With regard to dancing (or not), a friend told me the key for American men to get dances is to walk in like you own the place - it's all about your attitude. But, your dancing ability has to back it up. Mine didn't. My cabeceo sucked. As much as I had read up on it, it just wasn't working. So I sat a lot. I watched. I got drunk. I didn't "walk in like I owned the place" - I walked in like I was a friend of a friend of a 1/24th time share owner.

With regard to the G&G workshop, I knew the moment our small group walked in to Leonesa that my partner and I were in over our heads. Big time. The other forty or so students were professional dancers and teachers. That first day I got my head straight about it - I said to myself, "Self, do the workshop, do your best, and if you retain nothing whatsoever, that's okay. The experience and the workshop material will eventually sink in and you will be a better dancer because of it." And I was, or I am. The followers back in Aspen noticed a difference in my lead when I got back. It's been gradually improving over the past year - fits and starts - hills and gullies - but improving it is. I'm still working on the material from that workshop a year later.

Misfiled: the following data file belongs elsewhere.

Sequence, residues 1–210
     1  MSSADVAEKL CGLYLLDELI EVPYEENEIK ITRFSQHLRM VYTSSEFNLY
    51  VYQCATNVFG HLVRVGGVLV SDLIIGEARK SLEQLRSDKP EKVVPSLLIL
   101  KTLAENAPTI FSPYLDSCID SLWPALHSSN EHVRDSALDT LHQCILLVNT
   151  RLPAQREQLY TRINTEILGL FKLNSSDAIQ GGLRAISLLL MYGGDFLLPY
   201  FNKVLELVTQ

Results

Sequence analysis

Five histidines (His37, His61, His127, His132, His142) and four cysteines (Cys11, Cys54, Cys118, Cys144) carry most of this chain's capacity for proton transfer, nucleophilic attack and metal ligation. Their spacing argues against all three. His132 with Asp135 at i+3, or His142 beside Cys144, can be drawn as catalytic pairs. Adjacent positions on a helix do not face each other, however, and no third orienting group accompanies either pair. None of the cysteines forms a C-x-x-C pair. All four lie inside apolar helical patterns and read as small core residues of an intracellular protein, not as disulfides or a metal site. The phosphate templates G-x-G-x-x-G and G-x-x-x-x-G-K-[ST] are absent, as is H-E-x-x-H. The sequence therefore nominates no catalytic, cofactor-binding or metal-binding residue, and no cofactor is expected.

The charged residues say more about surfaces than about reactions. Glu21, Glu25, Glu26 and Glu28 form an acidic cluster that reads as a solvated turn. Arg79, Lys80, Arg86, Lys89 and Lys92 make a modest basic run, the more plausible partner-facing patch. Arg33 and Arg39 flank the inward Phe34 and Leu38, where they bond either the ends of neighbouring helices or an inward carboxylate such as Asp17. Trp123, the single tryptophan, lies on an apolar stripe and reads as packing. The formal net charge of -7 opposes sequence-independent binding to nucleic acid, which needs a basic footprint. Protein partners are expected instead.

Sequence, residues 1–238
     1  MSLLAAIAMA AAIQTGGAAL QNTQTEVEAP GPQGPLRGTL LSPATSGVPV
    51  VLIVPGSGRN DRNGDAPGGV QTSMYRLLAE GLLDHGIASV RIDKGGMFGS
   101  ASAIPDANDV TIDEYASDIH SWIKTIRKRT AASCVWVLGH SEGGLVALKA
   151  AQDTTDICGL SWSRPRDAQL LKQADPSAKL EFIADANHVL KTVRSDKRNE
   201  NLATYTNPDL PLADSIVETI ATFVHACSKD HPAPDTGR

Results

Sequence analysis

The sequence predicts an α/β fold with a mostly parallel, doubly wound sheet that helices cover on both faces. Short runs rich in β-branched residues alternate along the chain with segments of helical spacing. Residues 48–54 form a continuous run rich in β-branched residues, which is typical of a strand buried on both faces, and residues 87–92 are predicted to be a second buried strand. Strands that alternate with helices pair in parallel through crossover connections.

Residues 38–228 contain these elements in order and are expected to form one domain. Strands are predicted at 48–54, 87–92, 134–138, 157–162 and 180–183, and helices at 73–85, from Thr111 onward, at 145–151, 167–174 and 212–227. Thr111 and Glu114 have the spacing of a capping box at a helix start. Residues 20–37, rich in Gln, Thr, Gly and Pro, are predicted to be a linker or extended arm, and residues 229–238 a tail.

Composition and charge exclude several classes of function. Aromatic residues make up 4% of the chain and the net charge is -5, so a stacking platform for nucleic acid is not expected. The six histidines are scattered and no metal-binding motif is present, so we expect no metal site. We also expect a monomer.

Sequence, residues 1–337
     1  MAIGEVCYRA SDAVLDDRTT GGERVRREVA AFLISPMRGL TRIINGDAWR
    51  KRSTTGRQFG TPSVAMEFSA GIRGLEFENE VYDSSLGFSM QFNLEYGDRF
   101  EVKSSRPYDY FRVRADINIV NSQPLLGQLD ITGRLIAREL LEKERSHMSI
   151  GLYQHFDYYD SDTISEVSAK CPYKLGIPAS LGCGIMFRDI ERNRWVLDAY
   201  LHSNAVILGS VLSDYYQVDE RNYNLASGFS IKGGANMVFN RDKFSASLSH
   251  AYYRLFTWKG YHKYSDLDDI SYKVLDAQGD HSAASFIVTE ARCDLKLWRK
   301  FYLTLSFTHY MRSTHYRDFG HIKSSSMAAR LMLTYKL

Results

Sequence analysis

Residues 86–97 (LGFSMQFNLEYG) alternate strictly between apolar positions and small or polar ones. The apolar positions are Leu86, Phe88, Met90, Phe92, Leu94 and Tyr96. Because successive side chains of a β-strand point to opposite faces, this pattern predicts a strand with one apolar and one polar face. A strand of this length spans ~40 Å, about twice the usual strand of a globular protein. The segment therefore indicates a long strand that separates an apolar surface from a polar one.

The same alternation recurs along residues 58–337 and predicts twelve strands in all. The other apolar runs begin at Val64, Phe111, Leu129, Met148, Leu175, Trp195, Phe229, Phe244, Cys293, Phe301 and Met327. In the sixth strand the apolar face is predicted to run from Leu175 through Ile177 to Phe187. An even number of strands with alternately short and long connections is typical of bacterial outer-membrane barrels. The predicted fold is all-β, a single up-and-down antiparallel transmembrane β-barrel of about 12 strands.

That first day of the workshop, I almost walked back to pack my bags and fly home.

The second day of the workshop, I almost walked back to pack my bags and fly home.

The third day things started to kick in a little bit. The fourth, fifth and sixth days were much better. Lack of confidence can be a killer. It's totally counterproductive in tango - it murders a lead.